FM: Regional Security, Karabakh, Armenia’s Foreign Policy Priorities


Hayots Ashkarh, Yerevan
15 Apr 04

Foreign Minister Vardan Oskanyan has listed economic development,
regional security, European integration and a Karabakh settlement as
Armenia’s foreign policy priorities. He told a seminar in Yerevan that
there were “numerous uncertainties” in the Karabakh settlement
process. He said that if Azerbaijan insisted on starting the talks
from scratch, Armenia would not take part and would ask the OSCE
mediators to hold talks instead between Azerbaijan and Nagornyy
Karabakh. Oskanyan said that Armenia should not be in a hurry to join
NATO, but should strengthen cooperation with it in parallel with
cooperation with the CIS Collective Security Treaty and with
Russia. The following is the text of Vahan Vardanyan’s report in
Armenian newspaper Hayots Ashkarh on 15 April headlined “There is no
need to play diplomacy”, subhead “There is only one solution on
Karabakh”; subheadings inserted editorially:

Foreign Minister Vardan Oskanyan made a report on Armenia’s current
foreign policy at a seminar in the Congress Hotel yesterday. Oskanyan
noted four main areas of foreign policy: maintaining and increasing
the level of economic development; ensuring a positive regional
security atmosphere; speeding up Armenia’s integration into European
structures; and settlement of the Karabakh issue.

In connection with prospects for an NKR (Nagornyy Karabakh Republic)
settlement, Oskanyan said: “At present I should say that there are
numerous uncertainties, there is no certainty in what direction these
processes will go. Tomorrow in Prague my first meeting will take place
with the newly appointed foreign minister of Azerbaijan. The OSCE
Minsk Group co-chairmen invited us. The goal of the meeting is to hold
discussions with the co-chairmen and to try to specify the parties’
positions and approaches to the development of the process.”

Touching on Armenia’s position on the settlement issue at present, the
foreign minister said in particular: “There are two approaches,
depending on developments. It is good if Azerbaijan agrees to continue
along the way that (former Azerbaijani President) Heydar Aliyev and
(Armenian President) Robert Kocharyan were going and to reach any
level. If they are ready to continue on this basis, Armenia is ready
to be involved in the talks at the level of the presidents of the
republics and to try to lead the process forward. But if Azerbaijan
insists on starting from scratch, in that case Armenia will not take
part in these talks and will ask the co-chairmen to hold talks between
the authorities of Azerbaijan and Nagornyy Karabakh.”

The foreign minister thinks that this position is justified, as the
dialogue between the presidents was mainly about a future status of
Nagornyy Karabakh that was directly connected with Armenia. “For this
reason the participation of our president without the NKR president,
but with his agreement, is fully justified. But if this content
changes today, it means that the rules of the game should also be
changed. If Azerbaijan insists that the problem of status should be
delayed, and they continue with the stage-by-stage option for the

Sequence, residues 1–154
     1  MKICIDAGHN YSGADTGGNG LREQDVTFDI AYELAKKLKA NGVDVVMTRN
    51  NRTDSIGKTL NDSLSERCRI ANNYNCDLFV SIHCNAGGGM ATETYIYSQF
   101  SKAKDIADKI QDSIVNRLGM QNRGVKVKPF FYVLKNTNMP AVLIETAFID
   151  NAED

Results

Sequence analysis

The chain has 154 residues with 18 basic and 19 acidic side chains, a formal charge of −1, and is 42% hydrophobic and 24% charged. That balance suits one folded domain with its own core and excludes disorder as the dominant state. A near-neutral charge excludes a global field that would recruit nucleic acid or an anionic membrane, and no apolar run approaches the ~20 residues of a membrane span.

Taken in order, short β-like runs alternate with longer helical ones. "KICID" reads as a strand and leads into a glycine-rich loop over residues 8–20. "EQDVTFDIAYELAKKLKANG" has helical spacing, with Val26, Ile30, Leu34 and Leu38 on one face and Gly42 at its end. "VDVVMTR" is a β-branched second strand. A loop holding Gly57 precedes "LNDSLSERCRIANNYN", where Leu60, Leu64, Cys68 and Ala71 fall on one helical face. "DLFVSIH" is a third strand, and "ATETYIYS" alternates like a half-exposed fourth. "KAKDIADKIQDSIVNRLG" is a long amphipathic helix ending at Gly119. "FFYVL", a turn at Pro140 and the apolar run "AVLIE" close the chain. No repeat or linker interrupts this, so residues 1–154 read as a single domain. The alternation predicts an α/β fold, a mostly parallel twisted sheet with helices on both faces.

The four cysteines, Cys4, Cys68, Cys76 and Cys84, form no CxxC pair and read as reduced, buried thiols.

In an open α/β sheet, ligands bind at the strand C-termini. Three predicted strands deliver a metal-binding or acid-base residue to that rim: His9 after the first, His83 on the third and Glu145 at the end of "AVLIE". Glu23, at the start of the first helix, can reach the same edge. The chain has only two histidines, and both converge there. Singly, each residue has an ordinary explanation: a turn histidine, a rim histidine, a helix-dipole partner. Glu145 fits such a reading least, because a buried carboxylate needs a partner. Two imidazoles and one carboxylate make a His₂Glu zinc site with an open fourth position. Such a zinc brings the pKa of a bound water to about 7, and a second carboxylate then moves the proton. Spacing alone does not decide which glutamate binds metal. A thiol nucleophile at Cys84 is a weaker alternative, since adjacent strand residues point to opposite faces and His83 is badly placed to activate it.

return of territories and refugees, in that case only the NKR
authorities have the right to be involved in the talks if they
want. As before, Armenia will ensure its participation in the
framework of the OSCE Minsk Group, but it will not be the main party
in the talks.”

Oskanyan said that a “fair” and a “pro-Armenian solution” were
different. He said that talking about a fair solution, in fact means
saying nothing. “The Karabakh process has passed so many stages and
today the situation is such that we do not need to play diplomacy in
this problem. Today a pro-Armenian solution, acceptable for us, is
that Karabakh fully defines its position on joining Armenia, and the
world community, including Azerbaijan, recognizes this. Today this is
a solution for us,” Oskanyan said.

Touching on regional security problems, in particular on NATO
enlargement and its possible consequences, the foreign minister said
that Armenia should cooperate with NATO in the framework of its
national interests, but it should not be in a hurry to join NATO. He
said that it was necessary to strengthen in parallel Armenia’s role in
the CIS Collective Security Treaty (CST) and Armenian-Russian
relations and this complementary policy would increase Armenia’s role
for the West, as well as for its strategic partner Russia.

Oskanyan thinks that dividing lines may be created in the region if
Georgia and Azerbaijan join NATO and Armenia does not. He said that
Georgia in particular is demonstrating a definite tendency in this
sense, but it is early to make radical predictions, as the diplomacy
of words and actions differ from each other. “During (former Georgian
President Eduard) Shevardnadze’s tenure there was the diplomacy of
words. Every other day Shevardnadze would say that Georgia was joining
NATO. In some sense (President Mikheil) Saakashvili is continuing this
diplomacy of words, but understands that action lags behind words.
Because the situation in his country and in the region is such that
NATO would not want to be involved in the country. Until the Abkhazia
problem is settled, until Georgia’s relations with Russia are
specified and Russian military bases are withdrawn, it is too early to
speak about Georgia’s joining NATO.”

So the foreign minister thinks that Armenia does not have a problem in
going ahead.